Monday, April 28, 2014

Dr. Benjamin Church, Spy: A Case Of Espionage On The Eve Of The Americans Revolution

Veteran journalist and author Joseph C. Goulden offers a good review of John A. Nagy's Dr. Benjamin Church, Spy: A Case of Espionage on the Eve of the American Revolution.

No less an authority than the American Revolution historian Thomas Fleming calls Dr. Benjamin Samuel Church Jr. “the least known and most dangerous spy in American history.”

Surely he was in a position to do grave harm to the fight for independence from the British. As John Nagy writes, Church was “one of the most admired and respected patriots in Massachusetts,” on a par with John and Samuel Adams and John Hitchcock. He served “on almost every committee of importance” and was the on-site political leader in the state.

In terms of position, Church inarguably was the most important American spy ever, for his treachery could have led to the loss of the war that created the United States. By comparison, such spies as Alger Hiss of the State Department, Aldrich Ames of the CIA and Robert Hanssen of the FBI were mere spear-carriers.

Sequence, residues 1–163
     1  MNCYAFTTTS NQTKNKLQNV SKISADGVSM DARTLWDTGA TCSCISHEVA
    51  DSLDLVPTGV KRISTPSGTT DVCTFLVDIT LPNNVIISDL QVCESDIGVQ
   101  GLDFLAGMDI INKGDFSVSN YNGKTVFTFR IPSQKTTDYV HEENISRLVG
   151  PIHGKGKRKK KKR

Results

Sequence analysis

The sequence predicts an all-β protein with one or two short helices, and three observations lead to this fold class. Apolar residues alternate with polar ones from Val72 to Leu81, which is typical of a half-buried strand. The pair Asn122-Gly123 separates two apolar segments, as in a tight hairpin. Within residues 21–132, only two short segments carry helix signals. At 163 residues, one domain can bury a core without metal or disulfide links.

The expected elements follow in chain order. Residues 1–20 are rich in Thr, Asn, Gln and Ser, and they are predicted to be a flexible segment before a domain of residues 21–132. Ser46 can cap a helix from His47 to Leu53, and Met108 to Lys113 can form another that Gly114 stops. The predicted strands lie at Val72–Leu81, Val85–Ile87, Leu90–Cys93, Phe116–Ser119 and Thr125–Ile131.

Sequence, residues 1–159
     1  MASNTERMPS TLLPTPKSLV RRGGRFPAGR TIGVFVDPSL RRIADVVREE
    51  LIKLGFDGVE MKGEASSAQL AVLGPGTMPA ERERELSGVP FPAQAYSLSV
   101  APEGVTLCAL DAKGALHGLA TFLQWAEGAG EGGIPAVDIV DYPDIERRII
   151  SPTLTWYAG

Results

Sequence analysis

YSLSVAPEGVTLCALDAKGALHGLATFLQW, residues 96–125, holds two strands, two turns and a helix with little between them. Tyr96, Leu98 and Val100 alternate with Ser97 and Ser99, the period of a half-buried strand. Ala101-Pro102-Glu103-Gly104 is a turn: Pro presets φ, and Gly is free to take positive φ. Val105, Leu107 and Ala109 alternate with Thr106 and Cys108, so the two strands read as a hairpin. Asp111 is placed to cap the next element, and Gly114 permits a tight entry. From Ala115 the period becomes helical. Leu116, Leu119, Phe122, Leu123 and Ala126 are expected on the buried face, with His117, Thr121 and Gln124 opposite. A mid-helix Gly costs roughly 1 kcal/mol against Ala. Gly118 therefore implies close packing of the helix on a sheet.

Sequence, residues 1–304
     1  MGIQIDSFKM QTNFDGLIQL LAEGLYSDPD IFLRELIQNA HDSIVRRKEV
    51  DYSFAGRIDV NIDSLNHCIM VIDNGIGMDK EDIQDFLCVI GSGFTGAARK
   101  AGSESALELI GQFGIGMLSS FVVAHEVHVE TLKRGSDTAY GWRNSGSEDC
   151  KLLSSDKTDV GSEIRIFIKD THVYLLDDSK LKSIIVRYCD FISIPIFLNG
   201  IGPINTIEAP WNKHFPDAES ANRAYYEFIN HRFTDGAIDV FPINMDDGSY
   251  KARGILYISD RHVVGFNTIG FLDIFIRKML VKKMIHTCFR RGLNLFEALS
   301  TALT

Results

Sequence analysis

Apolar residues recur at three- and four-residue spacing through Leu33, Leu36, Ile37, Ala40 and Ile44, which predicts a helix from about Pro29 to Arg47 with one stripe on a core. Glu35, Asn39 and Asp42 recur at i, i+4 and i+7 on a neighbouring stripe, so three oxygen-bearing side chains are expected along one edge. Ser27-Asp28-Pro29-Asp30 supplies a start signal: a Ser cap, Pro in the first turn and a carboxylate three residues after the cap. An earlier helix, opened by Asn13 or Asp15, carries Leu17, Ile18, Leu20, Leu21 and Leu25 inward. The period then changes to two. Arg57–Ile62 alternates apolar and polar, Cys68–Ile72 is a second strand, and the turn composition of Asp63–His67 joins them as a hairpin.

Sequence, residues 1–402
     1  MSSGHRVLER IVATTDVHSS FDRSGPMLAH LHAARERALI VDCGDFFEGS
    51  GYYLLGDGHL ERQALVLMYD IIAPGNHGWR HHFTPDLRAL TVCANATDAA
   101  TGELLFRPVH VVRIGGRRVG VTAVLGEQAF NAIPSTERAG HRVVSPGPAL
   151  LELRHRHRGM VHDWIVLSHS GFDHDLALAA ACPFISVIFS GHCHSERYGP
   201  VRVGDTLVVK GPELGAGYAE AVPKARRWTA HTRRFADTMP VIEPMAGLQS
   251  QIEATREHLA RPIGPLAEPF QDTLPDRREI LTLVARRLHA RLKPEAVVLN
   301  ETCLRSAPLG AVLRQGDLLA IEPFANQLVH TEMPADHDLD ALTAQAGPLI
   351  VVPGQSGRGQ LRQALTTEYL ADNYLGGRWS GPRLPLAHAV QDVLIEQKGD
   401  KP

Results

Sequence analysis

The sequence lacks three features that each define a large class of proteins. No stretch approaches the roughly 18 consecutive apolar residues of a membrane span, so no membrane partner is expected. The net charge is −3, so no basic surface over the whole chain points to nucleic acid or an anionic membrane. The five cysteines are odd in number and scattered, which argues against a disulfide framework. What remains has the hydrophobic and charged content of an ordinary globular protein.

You can read the rest of the review via the below link:


  1. It is interesting how "our" spies are the good guys, and "their" spies are the bad guys. Of course, John Le Carre thinks that there are no clear moral boundaries -- spies are often (at the same time) immoral, amoral, sacrificial, and self-serving.

  2. Yes, many spies (agents-for-hire) throughout history have been self-serving and the rest, but the many intelligence officers I've known served a great, free nation (the U.S.) against spies and intelligence officers who served evil, totalitarian governments (the Soviet Union, Communist China, Communist Cuba and the like).

    John le Carre, a bitter, left-wing, anti-American, did not see the difference between the East and West intelligence services in the Cold War (see my Crime Beat column,, but those who served during the Cold War certainly do.

    In the American Revolution, Great Britain was on the wrong side of history, as was Church.

  3. Because of my time as CT with NAVSECGRU, I am equally supportive of US intel and spying. However, I do not lose sight of the reality: our enemies have always seen their spies as heroes just as we see ours. Espionage is a complicated, morally muddy "game."

  4. BTW, as a book review, the review is very deficient. The reviewer merely recapitulates the 18th century narrative, but he says nothing at all about the strengths and weaknesses of the book's author's presentation. I am surprised that a newspaper would print this as a "review." Of course, perhaps I am wrong. You tell me.